Your eye examination will begin with measuring your visual acuity-both with your current eyeglasses or contact lenses, and without any optical correction. The Ophthalmologist/Optometrist will ask you to read a chart projected across the examination room that consists of numbers and letters that get progressively smaller and more difficult to read as you move down the chart. This test, called “Snellen Acuity” or just “Visual Acuity” it is an important first step in understanding how well you see.
Next, the movement of your eyes, or “Ocular Motility” will be evaluated in order to understand how well the eye muscles function together and how effectively they move your eyes into the different positions of gaze. By shining a fairly bright light in your eyes, the reaction of your pupils to the light will be evaluated and learn a great deal about how well your optic nerve is functioning. We will then check your refraction in order to determine the most accurate eyeglass or contact lens prescription necessary to fully correct your vision. If you require vision correction doctor will provide you with a copy of your prescription so that you can take it to be filled by our Optometrist or Optician of your choice.
In order to check for one of the risk factors of Glaucoma, 1-2 eye drops will be placed in your eyes so that the pressure in your eye, called Intraocular Pressure (IOP) can be measured while you are behind the Slit Lamp. Sometimes a hand-held instrument called I-care rebound tonometer is used instead. Either test is an important assessment for the risk of developing Glaucoma .Additional eye drops will be placed in your eyes in order to dilate or widen your pupils. Pupil dilation is important so that the Doctor can examine the health of the structures in the back of your eye including the retina and its blood vessels and the optic nerve.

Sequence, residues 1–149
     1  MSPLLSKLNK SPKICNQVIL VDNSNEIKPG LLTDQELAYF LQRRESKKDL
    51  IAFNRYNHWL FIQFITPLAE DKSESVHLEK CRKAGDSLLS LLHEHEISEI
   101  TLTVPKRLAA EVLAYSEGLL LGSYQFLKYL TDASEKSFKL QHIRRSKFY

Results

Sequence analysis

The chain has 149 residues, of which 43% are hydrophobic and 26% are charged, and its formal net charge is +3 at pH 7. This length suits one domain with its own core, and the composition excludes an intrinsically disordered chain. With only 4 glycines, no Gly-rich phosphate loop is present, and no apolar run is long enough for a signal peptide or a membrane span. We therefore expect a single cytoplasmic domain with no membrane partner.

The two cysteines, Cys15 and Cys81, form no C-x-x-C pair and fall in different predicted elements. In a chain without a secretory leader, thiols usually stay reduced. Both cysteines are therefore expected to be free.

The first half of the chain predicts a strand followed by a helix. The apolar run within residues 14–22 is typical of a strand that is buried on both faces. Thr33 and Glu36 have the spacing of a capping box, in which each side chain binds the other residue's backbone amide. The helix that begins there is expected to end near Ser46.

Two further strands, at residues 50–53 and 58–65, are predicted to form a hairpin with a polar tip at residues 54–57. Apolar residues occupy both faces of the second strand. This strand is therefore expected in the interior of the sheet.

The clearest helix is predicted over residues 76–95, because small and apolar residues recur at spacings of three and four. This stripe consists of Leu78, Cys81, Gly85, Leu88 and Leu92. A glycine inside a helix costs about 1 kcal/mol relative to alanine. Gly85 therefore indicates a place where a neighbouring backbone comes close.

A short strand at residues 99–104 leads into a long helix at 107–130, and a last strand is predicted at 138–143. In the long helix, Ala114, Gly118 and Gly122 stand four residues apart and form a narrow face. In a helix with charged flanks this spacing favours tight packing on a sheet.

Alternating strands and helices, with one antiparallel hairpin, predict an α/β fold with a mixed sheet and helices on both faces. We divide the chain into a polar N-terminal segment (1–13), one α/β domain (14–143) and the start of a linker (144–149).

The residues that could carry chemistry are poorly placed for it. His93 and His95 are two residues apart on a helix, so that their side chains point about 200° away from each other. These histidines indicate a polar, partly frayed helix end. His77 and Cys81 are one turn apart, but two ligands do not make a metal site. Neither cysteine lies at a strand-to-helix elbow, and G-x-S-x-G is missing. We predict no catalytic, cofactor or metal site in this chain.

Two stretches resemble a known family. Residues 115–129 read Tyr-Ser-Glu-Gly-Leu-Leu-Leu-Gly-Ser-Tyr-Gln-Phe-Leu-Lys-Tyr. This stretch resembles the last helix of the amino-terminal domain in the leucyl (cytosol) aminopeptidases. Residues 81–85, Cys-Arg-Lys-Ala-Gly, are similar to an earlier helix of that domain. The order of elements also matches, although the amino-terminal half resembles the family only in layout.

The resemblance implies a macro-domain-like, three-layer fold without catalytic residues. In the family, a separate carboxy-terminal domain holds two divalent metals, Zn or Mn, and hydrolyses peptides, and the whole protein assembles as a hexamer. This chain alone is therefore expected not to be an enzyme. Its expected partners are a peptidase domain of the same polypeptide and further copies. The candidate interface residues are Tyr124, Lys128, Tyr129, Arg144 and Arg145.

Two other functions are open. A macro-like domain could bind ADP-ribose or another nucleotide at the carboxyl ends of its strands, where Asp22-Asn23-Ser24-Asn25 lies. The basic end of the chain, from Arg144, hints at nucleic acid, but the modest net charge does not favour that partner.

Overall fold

After the dilation drops are placed in your eyes, it will usually take anywhere from 30 to 40 minutes for the eye drops to fully work and dilate your pupil. You will then be asked to sit comfortably behind a specialized instrument called a Slit Lamp Biomicroscope. Using this instrument it is possible for doctor to examine the condition of your eyelids, eye lashes, eyelid margins and tear film. The Slit Lamp will also be used to carefully examine the sclera, or white of your eye, and the cornea, the clear dome-shaped lens on the outside of your eye. By focusing the slit lamp through the pupil or dark centre of the iris-the colored part of the eye, doctor will be able to examine the health of the crystalline lens, which is where cataracts form.
Once Dr. Jadhav has completed the examination of the “front of the eye”, he will then examine the health of “back of the eye”. The slit lamp will be used with an additional lens to examine the retina, optic nerve, macula and blood vessels in the back of the eye. Another instrument called an indirect ophthalmoscope will be used to provide a “wide-angle” view of the retina and blood vessels. The thorough examination of the health of the retina and optic nerve through a dilated pupil is not uncomfortable.
However, the fully widened pupil may make you somewhat sensitive to light and may also blur your vision, especially at near, for a few hours after your eye examination. If you have not had a dilated exam in the past, it is a good idea to have a driver on your exam day. It is important to bring a good pair of sunglasses with you in order to lessen your light sensitivity.